Revered in more recent years by alternative icons like Poison Ivy Rorschach & Lux Interior of The Cramps and later by Amy Winehouse and Jack White (who made 2011’s The Party Ain’t Over album with her), Jackson was inducted into the Rock’n’roll Hall of Fame in 2009. The death of her husband Wendell Goodman in 2017 – after 56 years of marriage – caused Wanda to re-evaluate her career; influencing her to retire from touring in 2019.

Now comes what may very well be the final curtain, a record that not only features Joan Jett, but more contemporary country artists like Elle King and Angeleena Presley, proving that nobody does it quite like Wanda. Even still.

Apple Music
Amazon Music
YouTube Music
Play Icon

Encore sounds very much like a record about your life, almost a memoir from your career.

That's exactly what it is. It's just an overlay of my life, things I've experienced, things I've been told about my life and the way it’s affected other people.

It kind of just happened as we were kicking ideas around. We had Joan Jett on board – she’d said she’d like to do an album with me – and I’d never had an album of original songs in my whole career. Back in the day, we always put covers of other people’s hits on our albums, so Joan said “well, let’s go that route. Let’s write an album’s worth of songs”.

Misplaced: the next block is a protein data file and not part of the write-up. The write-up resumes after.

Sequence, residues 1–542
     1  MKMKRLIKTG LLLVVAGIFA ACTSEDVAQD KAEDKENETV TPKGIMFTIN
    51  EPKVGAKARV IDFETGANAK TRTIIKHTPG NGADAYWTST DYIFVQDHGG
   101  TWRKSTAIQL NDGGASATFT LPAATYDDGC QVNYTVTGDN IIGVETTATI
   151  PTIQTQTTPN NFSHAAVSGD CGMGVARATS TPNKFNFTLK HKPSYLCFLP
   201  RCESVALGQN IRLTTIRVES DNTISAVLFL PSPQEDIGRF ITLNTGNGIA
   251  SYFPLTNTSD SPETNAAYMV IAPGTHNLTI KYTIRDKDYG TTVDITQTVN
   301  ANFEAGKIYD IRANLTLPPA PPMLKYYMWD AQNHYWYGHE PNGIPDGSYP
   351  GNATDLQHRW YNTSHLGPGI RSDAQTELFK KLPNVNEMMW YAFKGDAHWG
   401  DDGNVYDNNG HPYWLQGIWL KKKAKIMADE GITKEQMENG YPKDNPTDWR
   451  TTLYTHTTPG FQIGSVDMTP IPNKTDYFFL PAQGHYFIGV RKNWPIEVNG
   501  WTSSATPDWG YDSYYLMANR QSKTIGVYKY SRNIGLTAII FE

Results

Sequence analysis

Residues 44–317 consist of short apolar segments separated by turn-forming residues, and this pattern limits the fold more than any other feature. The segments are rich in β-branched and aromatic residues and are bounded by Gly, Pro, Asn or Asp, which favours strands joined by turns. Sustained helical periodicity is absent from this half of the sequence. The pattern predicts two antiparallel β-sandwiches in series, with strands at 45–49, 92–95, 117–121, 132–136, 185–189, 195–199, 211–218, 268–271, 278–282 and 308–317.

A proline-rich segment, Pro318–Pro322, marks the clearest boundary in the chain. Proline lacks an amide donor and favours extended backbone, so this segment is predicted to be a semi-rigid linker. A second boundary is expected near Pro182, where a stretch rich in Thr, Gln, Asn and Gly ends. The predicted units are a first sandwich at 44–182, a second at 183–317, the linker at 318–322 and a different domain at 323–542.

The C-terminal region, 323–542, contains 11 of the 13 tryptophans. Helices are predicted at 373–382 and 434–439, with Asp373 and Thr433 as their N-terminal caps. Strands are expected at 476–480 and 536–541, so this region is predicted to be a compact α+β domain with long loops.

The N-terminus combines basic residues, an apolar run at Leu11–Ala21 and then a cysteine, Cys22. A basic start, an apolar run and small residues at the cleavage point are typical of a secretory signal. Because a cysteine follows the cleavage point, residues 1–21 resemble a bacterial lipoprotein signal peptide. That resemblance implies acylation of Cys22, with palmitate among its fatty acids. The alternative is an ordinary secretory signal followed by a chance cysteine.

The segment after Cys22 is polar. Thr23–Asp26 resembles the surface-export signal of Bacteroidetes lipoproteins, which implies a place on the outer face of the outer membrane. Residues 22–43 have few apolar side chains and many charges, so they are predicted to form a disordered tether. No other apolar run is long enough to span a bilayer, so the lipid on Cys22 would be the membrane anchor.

One problem with that was that I hadn’t written in probably 15 years, maybe a song here and there but no more than that. My granddaughter Jordan (Breanne Simpson) - who’s also in the business in Nashville - knows all the top writers today; she set me up with all these people. So, I flew to Nashville from Oklahoma and the whole thing was a wonderful new experience.

Being younger people, they had so many questions for me about what it was like when I was first starting out, so it got me telling stories, and out of those stories somebody would always say “Hey there’s a song here!”. The songs don’t always follow my life exactly, but the basic idea or the title for each of them came out of my mouth - I’m calling this record my victory lap!

Back at the beginning of your career, it seems it was much more difficult to make an impact as a female artist?